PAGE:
1. It does sound like a rough paraphrase of “Your design clearly is to deprive Scripture of all authority, and to make every man’s mind the judge what passage of Scripture he is to approve of, and what to disapprove of. This is not to be subject to Scripture in matters of faith, but to make Scripture subject to you.” Reply to Faustus, Book 32, Chapter 19.

  2. Roger,

    My deepest apologies. There was an obvious mix up in things and you can rest easy.

    I had not realized I had followed your link with CCEL website and I thought I was ordering through CCEL.

    When I got no confirming email I went into a tailspin particularly when CCEL said that had no such order and that you don’t work for them.

    I also know that Paypal was a bit suss a while back so I guess I overreacted.

    Again, my heartfelt apologies for any sleepless nights. And thank you for understanding.

    In Christ

    John Ford

  3. Thanks for the note, and no hassle. I spent most of yesterday trying not to lose my job, so everything else sort of vanished in the heat of the action! Remiss of me, I know.

    CCEL mirror my collection of the fathers, including (bless them) the link to the CD you ordered, and I suspect that I get a fair proportion of my traffic therefrom. My CD, as you know, consists of the Ante-Nicene, Nicene and Post-Nicene Fathers, plus the collection that I made myself and which they mirror. I think that’s more comprehensive than anyone else’s. I burn each CD individually, so it’s always up to date.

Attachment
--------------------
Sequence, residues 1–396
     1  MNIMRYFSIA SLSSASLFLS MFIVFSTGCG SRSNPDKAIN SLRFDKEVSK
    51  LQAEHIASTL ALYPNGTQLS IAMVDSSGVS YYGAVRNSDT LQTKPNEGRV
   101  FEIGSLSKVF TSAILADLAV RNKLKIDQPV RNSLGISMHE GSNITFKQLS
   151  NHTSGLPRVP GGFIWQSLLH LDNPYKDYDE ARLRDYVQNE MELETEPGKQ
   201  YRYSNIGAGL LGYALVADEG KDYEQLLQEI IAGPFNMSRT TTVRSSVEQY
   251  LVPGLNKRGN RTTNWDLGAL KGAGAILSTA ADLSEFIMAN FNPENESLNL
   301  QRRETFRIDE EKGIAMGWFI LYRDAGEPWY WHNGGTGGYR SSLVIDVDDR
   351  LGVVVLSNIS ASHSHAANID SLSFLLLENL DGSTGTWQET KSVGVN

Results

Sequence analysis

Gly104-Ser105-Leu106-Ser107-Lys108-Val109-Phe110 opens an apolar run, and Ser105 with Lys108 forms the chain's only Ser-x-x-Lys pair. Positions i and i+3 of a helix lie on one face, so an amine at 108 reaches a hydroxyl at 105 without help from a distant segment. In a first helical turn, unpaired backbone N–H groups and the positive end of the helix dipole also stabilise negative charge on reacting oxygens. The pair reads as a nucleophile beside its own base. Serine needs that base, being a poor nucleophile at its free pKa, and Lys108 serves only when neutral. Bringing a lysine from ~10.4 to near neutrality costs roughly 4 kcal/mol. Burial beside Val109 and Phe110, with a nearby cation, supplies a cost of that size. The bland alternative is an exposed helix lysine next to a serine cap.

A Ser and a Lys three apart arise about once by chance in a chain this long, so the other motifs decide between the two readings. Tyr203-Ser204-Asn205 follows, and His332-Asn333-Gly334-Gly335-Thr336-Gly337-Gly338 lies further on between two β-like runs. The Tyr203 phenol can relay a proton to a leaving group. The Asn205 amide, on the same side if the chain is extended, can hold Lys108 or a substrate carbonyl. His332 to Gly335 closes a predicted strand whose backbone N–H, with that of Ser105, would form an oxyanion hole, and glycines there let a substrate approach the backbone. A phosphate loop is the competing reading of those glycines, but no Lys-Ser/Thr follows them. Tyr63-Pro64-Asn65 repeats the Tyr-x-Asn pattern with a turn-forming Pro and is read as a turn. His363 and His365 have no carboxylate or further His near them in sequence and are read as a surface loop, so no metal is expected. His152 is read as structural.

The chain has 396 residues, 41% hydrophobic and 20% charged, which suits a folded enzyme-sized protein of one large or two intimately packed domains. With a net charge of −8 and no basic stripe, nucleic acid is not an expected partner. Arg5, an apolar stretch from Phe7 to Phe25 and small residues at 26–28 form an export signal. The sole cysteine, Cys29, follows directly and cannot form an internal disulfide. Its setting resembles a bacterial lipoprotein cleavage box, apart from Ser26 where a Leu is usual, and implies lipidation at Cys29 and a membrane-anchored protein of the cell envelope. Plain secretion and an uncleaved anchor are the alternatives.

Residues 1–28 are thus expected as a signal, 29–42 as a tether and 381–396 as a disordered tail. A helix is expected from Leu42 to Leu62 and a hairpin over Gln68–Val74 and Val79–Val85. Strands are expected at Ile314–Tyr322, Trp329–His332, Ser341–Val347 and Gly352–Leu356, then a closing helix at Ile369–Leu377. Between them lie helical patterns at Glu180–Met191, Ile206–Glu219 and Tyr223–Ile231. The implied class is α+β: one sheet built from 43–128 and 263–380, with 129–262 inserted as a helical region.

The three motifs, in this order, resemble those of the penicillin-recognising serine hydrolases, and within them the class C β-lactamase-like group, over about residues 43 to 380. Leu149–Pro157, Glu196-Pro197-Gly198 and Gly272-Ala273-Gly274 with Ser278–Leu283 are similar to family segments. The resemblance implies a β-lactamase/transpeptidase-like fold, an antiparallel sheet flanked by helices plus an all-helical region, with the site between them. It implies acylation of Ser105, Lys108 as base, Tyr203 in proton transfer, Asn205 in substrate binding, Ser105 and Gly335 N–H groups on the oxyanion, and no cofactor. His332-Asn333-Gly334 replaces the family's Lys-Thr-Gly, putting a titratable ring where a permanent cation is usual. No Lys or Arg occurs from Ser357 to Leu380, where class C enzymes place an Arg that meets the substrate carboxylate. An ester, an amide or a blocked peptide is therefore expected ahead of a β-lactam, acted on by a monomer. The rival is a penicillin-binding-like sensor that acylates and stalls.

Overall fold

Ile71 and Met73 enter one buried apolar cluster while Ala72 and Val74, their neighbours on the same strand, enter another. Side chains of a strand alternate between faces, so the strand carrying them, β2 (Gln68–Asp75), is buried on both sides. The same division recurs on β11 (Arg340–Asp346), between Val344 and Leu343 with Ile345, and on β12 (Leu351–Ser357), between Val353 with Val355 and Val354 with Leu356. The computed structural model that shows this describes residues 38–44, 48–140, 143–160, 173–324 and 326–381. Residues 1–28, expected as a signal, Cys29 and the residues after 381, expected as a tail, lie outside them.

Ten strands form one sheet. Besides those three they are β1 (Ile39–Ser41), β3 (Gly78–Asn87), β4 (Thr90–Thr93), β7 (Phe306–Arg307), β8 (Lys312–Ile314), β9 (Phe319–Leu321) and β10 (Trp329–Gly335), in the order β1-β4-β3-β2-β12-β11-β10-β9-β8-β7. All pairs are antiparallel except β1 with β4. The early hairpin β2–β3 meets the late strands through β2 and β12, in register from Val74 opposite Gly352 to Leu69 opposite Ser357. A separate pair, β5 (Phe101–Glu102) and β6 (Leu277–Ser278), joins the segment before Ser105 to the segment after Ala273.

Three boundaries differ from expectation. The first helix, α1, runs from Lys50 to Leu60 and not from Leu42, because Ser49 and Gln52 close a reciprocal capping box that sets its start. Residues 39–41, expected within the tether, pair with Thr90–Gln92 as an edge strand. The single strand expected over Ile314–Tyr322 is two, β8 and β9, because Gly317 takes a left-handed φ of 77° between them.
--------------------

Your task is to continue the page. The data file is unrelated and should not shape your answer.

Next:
I did give CCEL the OK to include ‘my’ collection in their own CD’s — indeed I don’t mind who distributes them — but they never did. I suspect that the reason why they never did is that the main site creator is getting on a bit and finding he has too much to do for the hours available. One day, it will happen to us too!

    Paypal are a nasty bunch to deal with, as a seller as well as a buyer. The resolution centre options they gave me for this one were quite useless to me.

    But who else can one use? It’s Paypal or nobody, really, for international trading.

    I have come to avoid buying through them if I can. I made three purchases from eBay, my very first, and with the fourth one I ran afoul of a conman in the US who supplied substandard goods and when I complained turned to abuse and threats. Naturally I turned to eBay and Paypal, who were utterly useless. The latter refused me a refund; but my credit card company took one look at the dossier I sent them, complete with abusive emails and photographs of “what I ordered” and “what I got”, and refused to honour the transaction. Whereupon I got one final howl of rage from the swindler, that Paypal had suddenly changed their mind and booted the conman off the system. He demanded from me “compensation” and threatened to come over to the UK and sue me. I thought to myself, “Go ahead: manifest a legal personality anywhere over here, my boy, where the consumer protection law of England can lay hands on you, and you’ll get what you deserve via the police and the fraud squad.” Of course he never did: but I retained a lasting memory of how rubbish Paypal were.